• LEED – (Leadership in Energy and Environmental Design) is an internationally recognized green building certification system, providing third-party verification that a building or community was designed and built using strategies aimed at improving performance across all the metrics that matter most: energy savings, water efficiency, CO2 emissions reduction, improved indoor environmental quality, and stewardship of resources and sensitivity to their impacts.
  • Net-Zero – A building or home which generates its own power using renewable energy sources (such as solar panels) and uses only this self-generated energy to operate the heating, cooling, and utilities of the home thus equalling a net-zero energy consumption. A Net-Zero home is constructed to a high-performance standard, often up to 80% more efficient than the National Building Code.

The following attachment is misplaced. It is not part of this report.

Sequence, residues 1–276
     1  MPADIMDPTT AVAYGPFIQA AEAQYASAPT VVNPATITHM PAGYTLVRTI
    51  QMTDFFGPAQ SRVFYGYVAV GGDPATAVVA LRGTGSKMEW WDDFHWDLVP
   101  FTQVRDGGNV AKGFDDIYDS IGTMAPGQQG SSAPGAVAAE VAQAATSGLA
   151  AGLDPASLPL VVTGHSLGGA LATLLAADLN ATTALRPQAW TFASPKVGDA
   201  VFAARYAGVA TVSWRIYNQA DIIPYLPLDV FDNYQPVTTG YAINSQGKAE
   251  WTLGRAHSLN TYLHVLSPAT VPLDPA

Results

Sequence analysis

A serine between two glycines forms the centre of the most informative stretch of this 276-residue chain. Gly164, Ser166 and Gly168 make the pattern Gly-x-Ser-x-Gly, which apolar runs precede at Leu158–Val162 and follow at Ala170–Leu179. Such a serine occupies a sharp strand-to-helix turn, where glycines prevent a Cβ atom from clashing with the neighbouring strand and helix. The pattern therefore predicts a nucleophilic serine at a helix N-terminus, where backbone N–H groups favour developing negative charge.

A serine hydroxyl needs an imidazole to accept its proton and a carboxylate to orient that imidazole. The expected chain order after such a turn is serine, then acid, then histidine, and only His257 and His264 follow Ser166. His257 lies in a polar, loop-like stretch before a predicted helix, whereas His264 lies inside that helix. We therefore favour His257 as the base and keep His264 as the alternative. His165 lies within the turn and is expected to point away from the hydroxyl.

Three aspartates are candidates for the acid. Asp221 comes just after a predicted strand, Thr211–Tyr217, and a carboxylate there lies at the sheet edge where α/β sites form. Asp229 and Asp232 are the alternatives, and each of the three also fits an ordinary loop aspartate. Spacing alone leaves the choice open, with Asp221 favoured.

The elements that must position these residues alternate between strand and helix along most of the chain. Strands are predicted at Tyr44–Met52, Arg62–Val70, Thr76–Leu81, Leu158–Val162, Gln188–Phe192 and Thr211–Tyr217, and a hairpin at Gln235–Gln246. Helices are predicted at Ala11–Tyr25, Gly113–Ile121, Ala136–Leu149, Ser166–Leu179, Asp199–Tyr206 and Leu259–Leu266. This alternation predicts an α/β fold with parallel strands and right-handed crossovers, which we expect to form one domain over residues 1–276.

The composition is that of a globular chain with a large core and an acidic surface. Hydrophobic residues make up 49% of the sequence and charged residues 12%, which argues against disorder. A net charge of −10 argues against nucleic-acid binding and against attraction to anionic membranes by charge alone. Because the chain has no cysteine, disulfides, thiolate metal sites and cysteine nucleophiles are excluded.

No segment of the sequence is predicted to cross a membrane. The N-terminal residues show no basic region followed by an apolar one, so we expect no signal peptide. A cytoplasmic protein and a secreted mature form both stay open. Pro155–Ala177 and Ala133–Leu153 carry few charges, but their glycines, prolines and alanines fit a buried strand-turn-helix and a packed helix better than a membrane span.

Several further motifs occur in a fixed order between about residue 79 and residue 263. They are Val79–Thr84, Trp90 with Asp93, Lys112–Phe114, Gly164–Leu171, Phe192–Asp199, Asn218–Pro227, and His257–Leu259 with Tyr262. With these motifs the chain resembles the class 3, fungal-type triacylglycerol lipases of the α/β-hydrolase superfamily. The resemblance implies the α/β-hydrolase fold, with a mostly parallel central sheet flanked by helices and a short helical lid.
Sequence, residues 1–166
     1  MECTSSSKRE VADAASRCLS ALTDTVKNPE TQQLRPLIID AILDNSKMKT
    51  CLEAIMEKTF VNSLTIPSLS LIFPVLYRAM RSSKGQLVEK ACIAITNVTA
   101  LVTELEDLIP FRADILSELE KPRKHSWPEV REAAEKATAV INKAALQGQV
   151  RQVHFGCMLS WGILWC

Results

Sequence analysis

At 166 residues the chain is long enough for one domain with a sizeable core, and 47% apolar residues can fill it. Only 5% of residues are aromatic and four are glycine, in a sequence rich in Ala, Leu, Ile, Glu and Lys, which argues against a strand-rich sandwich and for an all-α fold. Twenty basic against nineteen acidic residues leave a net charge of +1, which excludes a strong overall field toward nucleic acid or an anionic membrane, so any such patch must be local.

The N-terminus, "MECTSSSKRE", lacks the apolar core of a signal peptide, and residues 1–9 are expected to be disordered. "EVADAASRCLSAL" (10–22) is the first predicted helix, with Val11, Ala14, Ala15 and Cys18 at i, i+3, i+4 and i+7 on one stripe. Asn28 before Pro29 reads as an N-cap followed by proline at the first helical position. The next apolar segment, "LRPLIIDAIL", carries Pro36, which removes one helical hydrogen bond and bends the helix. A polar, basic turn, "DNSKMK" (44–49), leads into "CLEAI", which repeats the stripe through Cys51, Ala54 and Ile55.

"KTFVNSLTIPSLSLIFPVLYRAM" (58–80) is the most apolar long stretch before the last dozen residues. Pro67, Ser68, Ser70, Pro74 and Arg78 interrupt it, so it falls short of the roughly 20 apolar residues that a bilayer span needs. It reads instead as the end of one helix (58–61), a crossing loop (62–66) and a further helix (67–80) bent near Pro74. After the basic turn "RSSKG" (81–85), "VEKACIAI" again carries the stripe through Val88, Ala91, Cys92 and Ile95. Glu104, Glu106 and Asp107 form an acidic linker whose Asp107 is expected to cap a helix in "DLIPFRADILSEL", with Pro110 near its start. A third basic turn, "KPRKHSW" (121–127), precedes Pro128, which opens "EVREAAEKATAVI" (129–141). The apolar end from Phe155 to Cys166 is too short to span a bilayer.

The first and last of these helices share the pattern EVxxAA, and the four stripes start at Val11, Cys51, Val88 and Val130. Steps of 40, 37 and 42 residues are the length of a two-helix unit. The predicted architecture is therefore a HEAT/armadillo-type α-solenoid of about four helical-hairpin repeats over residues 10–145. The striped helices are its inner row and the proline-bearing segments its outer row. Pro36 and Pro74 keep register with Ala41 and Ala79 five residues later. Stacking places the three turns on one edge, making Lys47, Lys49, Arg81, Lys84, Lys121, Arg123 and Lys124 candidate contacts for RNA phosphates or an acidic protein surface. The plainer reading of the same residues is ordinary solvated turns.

• Net-Zero Ready  – Built to the identical high-performance standards as a Net-zero home. The key difference is a Net-Zero Ready home does not yet have the renewable energy source installed, but has the systems in place and is 'ready' for future install.

Energy Efficiency Terms - P to Z

  • Passive House – A highly energy-efficient building standard. Constructing to passive house standard will offer greater comfort, air quality, and consistent temperatures, while consuming up to 90% less energy than a home constructed to standard building code.
  • Passive Solar – A home's ability to collect the natural heat of the sun and harness it to help heat the home. (Ex. windows can be strategically placed so that sunshine enters, the heat is retained and reduces energy demand on other heating systems).
  • Phantom Energy – Energy waste in your home that is caused by your devices and appliances even when you are not using them. (Ex. a plugged-in TV will use energy even when you are not using it).